Sustainable shopping is the way forward to protect our planet, and anybody can do it. Even if second-hand shopping is not for you (though I highly recommend you give it a try!), then you can absolutely still be a part of the sustainable fashion revolution by donating your unneeded clothes to your nearest charity shop, or the one who’s mission is closest to your heart. There are many to choose from dotted all around the island, and interestingly, Zara in Sliema has now introduced a second-hand drop off point at the shop’s entrance where your donated clothes go straight to Hospice Malta! Be mindful of what you’re giving away, however, as these items are to go on to be sold in their charity shops. If an item is damaged, stained or in bad condition, do the dedicated volunteers a favour and leave those out. You’d be shocked at some of the things that get donated to charity shops, good and bad!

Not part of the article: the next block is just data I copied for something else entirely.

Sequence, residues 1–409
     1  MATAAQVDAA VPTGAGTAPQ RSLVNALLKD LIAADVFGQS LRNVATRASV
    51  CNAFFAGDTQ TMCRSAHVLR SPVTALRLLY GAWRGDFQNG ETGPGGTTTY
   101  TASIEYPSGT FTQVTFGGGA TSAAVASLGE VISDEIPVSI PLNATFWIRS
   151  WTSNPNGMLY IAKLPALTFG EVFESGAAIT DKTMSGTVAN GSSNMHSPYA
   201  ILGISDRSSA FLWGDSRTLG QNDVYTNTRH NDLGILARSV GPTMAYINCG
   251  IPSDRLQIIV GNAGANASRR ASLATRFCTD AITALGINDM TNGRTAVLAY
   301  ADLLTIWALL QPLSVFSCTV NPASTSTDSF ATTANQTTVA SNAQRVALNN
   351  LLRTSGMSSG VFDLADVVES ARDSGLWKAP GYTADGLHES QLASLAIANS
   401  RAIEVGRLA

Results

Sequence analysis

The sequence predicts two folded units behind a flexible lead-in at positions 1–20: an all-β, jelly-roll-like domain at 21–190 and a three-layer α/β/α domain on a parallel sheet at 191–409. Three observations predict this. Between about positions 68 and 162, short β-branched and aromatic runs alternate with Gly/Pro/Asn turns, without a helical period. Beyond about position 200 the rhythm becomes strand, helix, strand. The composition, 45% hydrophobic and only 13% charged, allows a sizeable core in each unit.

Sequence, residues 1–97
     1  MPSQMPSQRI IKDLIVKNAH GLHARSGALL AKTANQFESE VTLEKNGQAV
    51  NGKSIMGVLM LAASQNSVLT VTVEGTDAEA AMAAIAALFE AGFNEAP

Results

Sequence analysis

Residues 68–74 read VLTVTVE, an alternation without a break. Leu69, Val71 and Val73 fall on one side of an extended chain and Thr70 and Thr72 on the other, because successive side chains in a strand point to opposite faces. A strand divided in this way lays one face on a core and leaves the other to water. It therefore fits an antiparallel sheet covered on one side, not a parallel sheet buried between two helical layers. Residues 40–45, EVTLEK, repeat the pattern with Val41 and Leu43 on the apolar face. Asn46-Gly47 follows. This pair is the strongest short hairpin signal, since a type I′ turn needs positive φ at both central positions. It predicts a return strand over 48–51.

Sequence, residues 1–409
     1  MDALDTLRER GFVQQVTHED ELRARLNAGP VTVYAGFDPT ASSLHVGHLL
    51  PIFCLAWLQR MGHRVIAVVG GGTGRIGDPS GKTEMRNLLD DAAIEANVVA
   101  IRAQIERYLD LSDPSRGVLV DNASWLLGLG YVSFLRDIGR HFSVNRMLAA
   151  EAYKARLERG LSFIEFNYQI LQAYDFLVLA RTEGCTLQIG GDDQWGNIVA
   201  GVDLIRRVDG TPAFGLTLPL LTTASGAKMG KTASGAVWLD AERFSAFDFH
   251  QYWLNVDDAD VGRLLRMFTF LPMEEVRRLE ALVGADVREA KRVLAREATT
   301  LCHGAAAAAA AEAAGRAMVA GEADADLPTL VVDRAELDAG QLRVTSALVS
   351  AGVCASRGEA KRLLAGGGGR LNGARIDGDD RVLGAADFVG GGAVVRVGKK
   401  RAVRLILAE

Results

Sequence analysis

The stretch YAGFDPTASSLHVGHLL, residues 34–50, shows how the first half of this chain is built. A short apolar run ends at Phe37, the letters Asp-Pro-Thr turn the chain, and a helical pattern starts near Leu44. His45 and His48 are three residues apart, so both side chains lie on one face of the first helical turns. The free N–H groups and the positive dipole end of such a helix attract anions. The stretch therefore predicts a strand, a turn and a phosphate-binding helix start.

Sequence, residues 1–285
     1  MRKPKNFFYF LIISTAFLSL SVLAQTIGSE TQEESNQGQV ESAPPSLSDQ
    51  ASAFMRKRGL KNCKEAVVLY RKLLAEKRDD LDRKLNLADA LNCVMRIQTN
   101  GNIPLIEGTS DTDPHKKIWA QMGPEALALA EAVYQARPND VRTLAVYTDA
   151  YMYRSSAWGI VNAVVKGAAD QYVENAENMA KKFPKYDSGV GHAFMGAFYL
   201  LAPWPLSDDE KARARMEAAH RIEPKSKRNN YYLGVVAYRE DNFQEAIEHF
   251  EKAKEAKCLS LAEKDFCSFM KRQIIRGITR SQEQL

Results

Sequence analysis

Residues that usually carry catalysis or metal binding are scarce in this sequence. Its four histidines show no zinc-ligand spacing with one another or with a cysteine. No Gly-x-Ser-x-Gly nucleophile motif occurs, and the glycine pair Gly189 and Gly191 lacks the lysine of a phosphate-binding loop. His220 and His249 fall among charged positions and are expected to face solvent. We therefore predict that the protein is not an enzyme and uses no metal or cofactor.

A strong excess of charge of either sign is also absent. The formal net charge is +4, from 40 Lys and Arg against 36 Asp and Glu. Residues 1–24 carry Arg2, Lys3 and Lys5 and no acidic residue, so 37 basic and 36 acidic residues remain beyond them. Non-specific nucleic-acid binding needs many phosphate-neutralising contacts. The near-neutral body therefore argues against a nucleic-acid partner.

You can also donate to organisations such as women’s shelters and foundations that help those less-fortunate, but do check with them if it’s ok to do so by giving them a call beforehand. Importantly, you can also donate your time to charity shops. It’s a great way to try your hand at vintage styling and window dressing. Why not send them a quick Facebook message about volunteering if you have some free time to spare?